New class question.

krtrcn

Member
I recently talked to a track promoter about starting a L206 class. I have a clue of guys that I race with on board with this and the promoter is also. We're thinking that by doing this would be a good thing.
Here's the problem. 1- Trying to convince others to try this. I know it could be hard, because here yet another motor. To tell you the truth I had to be convinced.
2- I've heard the promoter state that they don't know how long they will lease the track.We don't want to invest money in a motor and then not have any where to run them.
There is one other track with in an hour or so but they do not have a certified tech man.

Do we invest this and hope that the track runs us no matter who's in charge and maybe introduce to a couple more tracks near by and hope they want us or just wait and see what happens with the track.
I honestly feel that this is a good thing for the sport. Any input please.
 
If you get at least 3 and show up together most any track will let you run, HOWEVER having to convinced others racing there to switch motors is just thinning whatever class they would be leaving SO in that case are you helping, NOW if the guy's have 2 karts and then try that motor that's different, Also remember most tracks now racers are complaining to many classes I don't know if that's the case there BUT consider that as well.
 

krtrcn

Member
That's another problem too many classes. We run a predator class them turn around and a pro class with nothing different between them. But what I really can't understand is jr. pro classes. What makes a jr drive a pro.
I know that it's more money for the track.
I feel that the l206 would weed out a bunch of these bogus classes.
 
That's another problem too many classes. We run a predator class them turn around and a pro class with nothing different between them. But what I really can't understand is jr. pro classes. What makes a jr drive a pro.
I know that it's more money for the track.
I feel that the l206 would weed out a bunch of these bogus classes.

If it ends up doing that while keeping or Increases total entries then Good, However If not then NO help, It's a tough call but I've seen tracks try to do to much and it usually ends up hurting.
 
I believe the jr pro stuff is for the jr to be able to race more than just 15 laps in one night. For jr1 its hard to make a light and heavy class so I think its easier to just make a pro class for them. That's just my input so I really wouldn't call it a bogus class.
 

XXX#40

TRUMP 2020
That's another problem too many classes. We run a predator class them turn around and a pro class with nothing different between them. But what I really can't understand is jr. pro classes. What makes a jr drive a pro.
I know that it's more money for the track.
I feel that the l206 would weed out a bunch of these bogus classes.

I said when the clone first got a national set of rules that in about 5 yrs after that, that the 206 would be a better option for a budget class, and I still think that.
you get about 5 together to race them, and when the fence hangers see how close the racing is, and how cheap the engine is it will grow just like the first clones, remember they laughed at us for racing the clones but look at it now.
 
LO206 dont have much chance of catching on here in the Carolinas, Predator can be bought for $99 here and that seems to be the direction a lot here are taking. Clone is still by far the biggest classes on most of the tracks, and dont really see that changing anytime in the near future.
As for weeding out bogus classes, more classes equals more money. They could do the same with LO206, its not the motor that creates more classes ( even though if it did take, theres more classes ), its the folks organizing the show. And its really not the Promoters fault since the karters themselves keep asking for more and more.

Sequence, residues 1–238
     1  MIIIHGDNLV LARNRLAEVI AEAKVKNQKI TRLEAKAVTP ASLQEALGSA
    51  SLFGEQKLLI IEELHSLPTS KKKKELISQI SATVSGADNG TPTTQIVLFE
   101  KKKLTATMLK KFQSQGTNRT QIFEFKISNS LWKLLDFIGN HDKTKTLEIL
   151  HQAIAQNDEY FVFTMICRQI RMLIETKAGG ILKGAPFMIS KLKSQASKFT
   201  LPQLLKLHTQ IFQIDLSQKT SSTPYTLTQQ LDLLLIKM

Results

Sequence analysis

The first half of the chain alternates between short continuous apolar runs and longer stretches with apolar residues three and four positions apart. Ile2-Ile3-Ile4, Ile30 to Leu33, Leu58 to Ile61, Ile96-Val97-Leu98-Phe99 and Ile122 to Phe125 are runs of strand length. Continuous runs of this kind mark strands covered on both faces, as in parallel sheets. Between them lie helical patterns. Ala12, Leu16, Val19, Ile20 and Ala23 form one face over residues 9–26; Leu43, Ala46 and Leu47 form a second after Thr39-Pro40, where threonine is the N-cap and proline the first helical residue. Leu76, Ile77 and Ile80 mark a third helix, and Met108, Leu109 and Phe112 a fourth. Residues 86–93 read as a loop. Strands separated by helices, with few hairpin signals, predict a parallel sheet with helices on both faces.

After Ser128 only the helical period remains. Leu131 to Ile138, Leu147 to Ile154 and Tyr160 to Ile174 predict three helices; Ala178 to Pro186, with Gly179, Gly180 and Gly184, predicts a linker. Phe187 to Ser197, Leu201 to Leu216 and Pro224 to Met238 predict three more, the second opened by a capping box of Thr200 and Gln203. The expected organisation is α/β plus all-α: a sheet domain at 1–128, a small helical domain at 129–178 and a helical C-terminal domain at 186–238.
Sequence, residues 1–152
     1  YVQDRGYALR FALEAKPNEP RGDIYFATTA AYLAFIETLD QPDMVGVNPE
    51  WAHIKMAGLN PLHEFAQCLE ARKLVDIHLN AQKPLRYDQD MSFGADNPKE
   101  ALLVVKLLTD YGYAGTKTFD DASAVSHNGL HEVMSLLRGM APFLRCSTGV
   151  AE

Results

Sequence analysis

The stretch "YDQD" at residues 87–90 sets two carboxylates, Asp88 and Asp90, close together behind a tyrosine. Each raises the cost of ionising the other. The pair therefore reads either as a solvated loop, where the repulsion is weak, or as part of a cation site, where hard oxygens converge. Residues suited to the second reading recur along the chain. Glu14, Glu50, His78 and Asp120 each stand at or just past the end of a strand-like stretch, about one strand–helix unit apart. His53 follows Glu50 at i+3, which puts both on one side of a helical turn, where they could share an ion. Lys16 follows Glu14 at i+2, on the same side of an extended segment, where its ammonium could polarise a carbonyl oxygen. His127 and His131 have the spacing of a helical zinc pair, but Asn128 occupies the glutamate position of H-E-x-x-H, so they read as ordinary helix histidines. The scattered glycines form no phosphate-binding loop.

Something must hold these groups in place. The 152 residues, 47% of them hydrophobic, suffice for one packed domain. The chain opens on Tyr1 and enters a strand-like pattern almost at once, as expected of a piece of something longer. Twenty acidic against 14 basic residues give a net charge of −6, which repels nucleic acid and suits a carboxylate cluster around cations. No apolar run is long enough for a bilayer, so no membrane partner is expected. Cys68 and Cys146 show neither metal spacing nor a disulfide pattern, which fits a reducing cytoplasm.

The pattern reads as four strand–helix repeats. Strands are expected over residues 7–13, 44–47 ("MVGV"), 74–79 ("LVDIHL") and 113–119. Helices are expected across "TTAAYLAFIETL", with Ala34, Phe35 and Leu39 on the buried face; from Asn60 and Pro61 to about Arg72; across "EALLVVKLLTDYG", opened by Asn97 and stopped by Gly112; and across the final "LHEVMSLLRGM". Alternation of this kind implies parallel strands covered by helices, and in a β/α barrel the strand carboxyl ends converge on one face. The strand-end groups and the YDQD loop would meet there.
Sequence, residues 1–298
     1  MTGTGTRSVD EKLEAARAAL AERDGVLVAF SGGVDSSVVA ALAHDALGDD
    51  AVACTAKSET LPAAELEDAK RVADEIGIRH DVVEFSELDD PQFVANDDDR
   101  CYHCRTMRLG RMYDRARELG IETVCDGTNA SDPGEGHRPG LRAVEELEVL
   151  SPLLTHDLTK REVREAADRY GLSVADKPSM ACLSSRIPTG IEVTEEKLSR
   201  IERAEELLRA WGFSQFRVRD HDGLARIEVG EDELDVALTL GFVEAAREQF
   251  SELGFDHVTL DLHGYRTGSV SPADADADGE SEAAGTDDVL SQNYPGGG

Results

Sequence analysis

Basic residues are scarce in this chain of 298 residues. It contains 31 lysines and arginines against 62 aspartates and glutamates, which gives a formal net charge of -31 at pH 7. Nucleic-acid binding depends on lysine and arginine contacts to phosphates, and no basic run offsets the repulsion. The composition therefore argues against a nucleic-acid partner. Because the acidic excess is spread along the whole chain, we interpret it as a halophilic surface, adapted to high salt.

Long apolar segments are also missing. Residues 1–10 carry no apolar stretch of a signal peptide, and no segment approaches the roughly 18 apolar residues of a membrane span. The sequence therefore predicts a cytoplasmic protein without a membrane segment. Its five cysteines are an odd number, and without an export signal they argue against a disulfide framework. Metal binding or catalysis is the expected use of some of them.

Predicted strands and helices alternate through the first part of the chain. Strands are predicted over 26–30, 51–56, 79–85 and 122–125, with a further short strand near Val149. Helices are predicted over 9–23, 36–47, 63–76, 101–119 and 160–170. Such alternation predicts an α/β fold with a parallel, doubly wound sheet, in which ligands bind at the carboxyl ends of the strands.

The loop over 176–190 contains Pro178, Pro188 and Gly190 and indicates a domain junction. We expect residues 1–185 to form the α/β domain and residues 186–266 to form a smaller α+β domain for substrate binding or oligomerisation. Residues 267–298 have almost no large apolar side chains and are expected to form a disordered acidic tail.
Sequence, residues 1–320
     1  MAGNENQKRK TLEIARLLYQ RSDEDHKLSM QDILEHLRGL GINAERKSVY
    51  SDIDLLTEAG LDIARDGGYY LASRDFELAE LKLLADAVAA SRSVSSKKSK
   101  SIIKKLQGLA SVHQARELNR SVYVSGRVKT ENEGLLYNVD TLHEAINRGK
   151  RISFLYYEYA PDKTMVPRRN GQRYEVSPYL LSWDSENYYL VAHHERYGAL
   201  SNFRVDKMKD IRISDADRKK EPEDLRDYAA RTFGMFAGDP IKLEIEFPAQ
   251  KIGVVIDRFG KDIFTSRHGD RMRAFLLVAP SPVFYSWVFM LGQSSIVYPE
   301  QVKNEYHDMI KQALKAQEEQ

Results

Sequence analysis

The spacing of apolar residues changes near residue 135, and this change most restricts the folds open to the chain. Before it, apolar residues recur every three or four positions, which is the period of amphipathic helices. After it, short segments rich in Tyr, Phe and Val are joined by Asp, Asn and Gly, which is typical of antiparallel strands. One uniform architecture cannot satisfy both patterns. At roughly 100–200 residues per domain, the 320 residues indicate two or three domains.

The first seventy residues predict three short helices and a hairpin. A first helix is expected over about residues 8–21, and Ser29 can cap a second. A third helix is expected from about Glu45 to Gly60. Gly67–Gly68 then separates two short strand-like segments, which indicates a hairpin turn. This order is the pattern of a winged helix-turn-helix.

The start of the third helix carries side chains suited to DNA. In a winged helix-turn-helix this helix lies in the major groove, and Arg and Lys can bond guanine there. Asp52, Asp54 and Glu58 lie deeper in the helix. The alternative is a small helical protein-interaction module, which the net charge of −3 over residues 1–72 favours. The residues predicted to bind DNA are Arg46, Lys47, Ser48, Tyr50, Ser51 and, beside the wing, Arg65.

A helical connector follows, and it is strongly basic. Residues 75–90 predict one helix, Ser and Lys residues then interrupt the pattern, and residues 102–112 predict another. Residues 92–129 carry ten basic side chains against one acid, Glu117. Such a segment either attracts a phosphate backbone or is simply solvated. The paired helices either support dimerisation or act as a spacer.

krtrcn

Member
Earl, you can get a race ready l206 a lot cheaper than you can a "top level" clone.
The predators which I run around 500.
I've talked to a couple engine builders about these motors and both said for under 150 $ for parts and labor on what your allowed to rebuild. The other great selling point is motors are sealed from Briggs with a bar code on the tag so if a tech man has something questionable this is sent to Briggs, who wrote the rules for this engine and really hasn't changed in ten years. You can say that about the clone or predator. This package puts the race in the driver's hand not someone's checkbook.
It wouldn't hurt to give this try. I know it's not going to catch on like wild fire, but it's worth a try.
 
The other thing to keep in mind about the LO206:

While it is another engine option, it is not (and will not) be a replacement for the blueprinted classes.
Nor was it ever intended to be.
Karting has always been about "tinkerers" and "shade tree mechanics." You know, those guys that want to "hop up" their engine to make it faster than their buddy's. I don't think anyone wants to take that competitive nature away from our sport.
Instead, the LO206 fills a much needed niche in our sport of guys who are looking for engine equality, affordability, and reliability.
The early clone and Predator engines fill 1, or 2 at best, out of those three requirements. As soon as you get engine builders involved in much more than tuning (ie twisting cams, low tension rings, align-boring and honing cylinders,) then essentially you've got just another blueprinted class (governor still in tact or not!)

Too many classes are a very real problem at most tracks.

If you want to get the LO206 program up and rolling, it'll take 3 guys to commit to running it consistently at the same track(s.)
Once guys start seeing the speed, competitiveness, reliability....and SMILES, others will join.
I've seen this scenario play out many times over.
If there's ever anything I can do to help, please feel free to contact me at the shop number listed below.


-----
Thanks and God bless,
Brian Carlson
Carlson Racing Engines
Vector Cutz
www.CarlsonMotorsports.com
Carlson Motorsports on Facebook
30 years of service to the karting industry
Linden, IN
765-339-4407
bcarlson@CarlsonMotorsports.com
 
Earl, you can get a race ready l206 a lot cheaper than you can a "top level" clone.
The predators which I run around 500.
I've talked to a couple engine builders about these motors and both said for under 150 $ for parts and labor on what your allowed to rebuild. The other great selling point is motors are sealed from Briggs with a bar code on the tag so if a tech man has something questionable this is sent to Briggs, who wrote the rules for this engine and really hasn't changed in ten years. You can say that about the clone or predator. This package puts the race in the driver's hand not someone's checkbook.
It wouldn't hurt to give this try. I know it's not going to catch on like wild fire, but it's worth a try.

I have the same amount of money in my "top level" clone as an LO206 costs.